The prospective trial targets “bloat” at four academic institutions, says Neveen El-Farra, MD.
The phenomenon is known as “grade bloat,” a nickname for the trend describing how doctors’ notes contain multiple pages of non-essential information, according to Neveen El-Farra, MD, associate professor of clinical medicine and associate dean. for Curricular Affairs to David Geffen of UCLA. Medicine School.
“The electronic health record makes it easy to import all of this data,” adds El-Farra, who is also a hospitalist in the department of medicine and associate program director of the internal medicine residency program. “EHRs were supposed to be the best things ever, but they have a lot of issues and are the number one cause of burnout among physicians. “
However, internal medicine residency programs at four academic institutions found that by encouraging physicians to document in the EHR only what is relevant for that day and limiting shortcuts, such as copy and paste and autocomplete. , the grades were significantly improved in terms of quality. and shorter overall. In addition, these practices reduced the time required for physicians to complete documentation.
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Inpatient internal medicine interns at UCLA, University of California San Francisco, University of California San Diego, and University of Iowa participated in prospective trial non-randomized who used a set of best practice guidelines and a template for progress notes. Grade quality was assessed based on an Overall Impression Score, Validated Physician Literature Quality Instrument 9-Item Version (PDQI-9), and a Competency Questionnaire.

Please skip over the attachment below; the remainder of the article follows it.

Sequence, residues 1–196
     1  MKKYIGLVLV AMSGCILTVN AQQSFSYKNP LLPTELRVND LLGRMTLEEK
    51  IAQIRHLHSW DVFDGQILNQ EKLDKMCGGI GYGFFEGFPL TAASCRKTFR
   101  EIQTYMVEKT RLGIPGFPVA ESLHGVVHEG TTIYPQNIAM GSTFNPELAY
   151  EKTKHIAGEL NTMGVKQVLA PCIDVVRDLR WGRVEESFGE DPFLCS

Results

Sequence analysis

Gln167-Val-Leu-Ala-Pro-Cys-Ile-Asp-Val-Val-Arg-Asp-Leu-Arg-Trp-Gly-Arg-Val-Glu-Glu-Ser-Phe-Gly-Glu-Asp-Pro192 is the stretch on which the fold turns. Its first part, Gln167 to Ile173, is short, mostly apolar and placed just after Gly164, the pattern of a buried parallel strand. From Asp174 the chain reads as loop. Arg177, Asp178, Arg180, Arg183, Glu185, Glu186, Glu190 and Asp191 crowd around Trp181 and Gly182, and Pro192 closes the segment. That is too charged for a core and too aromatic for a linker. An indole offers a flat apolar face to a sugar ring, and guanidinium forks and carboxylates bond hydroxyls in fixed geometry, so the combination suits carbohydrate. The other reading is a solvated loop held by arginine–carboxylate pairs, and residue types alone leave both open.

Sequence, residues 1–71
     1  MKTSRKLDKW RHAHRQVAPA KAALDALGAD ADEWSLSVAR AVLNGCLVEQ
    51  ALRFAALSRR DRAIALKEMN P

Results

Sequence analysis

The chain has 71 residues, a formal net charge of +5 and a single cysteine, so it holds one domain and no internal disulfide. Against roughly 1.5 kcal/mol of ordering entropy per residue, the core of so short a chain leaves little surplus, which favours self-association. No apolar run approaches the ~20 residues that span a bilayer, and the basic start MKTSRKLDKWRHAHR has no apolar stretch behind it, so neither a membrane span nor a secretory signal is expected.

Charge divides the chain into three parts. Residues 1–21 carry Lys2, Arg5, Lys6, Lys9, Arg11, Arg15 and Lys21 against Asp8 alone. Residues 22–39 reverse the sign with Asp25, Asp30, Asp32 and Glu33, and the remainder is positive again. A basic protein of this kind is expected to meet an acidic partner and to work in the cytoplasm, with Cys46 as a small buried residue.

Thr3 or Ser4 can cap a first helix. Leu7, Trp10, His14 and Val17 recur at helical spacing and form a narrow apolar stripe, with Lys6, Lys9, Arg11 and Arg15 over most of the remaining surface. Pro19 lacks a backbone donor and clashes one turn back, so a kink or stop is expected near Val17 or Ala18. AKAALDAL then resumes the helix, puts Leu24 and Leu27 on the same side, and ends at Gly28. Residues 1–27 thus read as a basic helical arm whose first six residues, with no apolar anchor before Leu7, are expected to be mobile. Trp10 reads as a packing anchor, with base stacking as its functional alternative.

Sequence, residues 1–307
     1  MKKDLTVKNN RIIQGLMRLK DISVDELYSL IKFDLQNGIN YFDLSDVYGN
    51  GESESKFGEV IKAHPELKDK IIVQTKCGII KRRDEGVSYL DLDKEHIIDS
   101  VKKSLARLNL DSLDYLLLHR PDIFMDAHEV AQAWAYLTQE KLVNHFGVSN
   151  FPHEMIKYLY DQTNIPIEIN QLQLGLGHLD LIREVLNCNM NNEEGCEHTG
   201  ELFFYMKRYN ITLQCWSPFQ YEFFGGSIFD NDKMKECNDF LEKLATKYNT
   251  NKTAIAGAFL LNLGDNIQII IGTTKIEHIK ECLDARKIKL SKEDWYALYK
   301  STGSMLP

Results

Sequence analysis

“Significant improvements were seen in Overall Impression Score, all PDQI-9 domains, and several skill items including documenting relevant data only, discussing an exit plan, and doing be concise while being sufficiently comprehensive “, state the authors of the to study, which was published last week in the Journal of Hospital Medicine.
In addition, the study notes “had about 25% fewer lines and were signed an average of 1.3 hours earlier in the day,” according to the authors.
El-Farra and his co-authors observe that physicians typically spend a considerable amount of time writing notes in the EHR, so it was “encouraging to see that the post-intervention notes were signed 1.3 hours earlier today. “. She argues that this time saving could translate into more time spent in direct patient care.
Still, study data revealed variation between the four academic institutions, all of which use an Epic EHR, in the use of models: 92% at UCSF, 90% at UCLA, 79 % in Iowa and only 21% in UCSD. . Nonetheless, although UCSD reported low use of the model among its trainees, they still showed signs of improving the quality of grades in the study.
Since UCSF and UCLA created the guidelines and best practice model for the study, the authors suggest that the intervention could have been “better suited” to the cultures of their respective organizations and that they may have had more institutional buy-in from the start.
“We still have a long way to go,” admits El-Farra. “Some of our residents continue to use the note template; others don’t. We probably need to do a refresh, and that probably needs to be built into some sort of orientation for new interns so that they don’t hopefully become residents in the habits of cut and paste, notice bloating and import. simply data without synthesis and without thought process.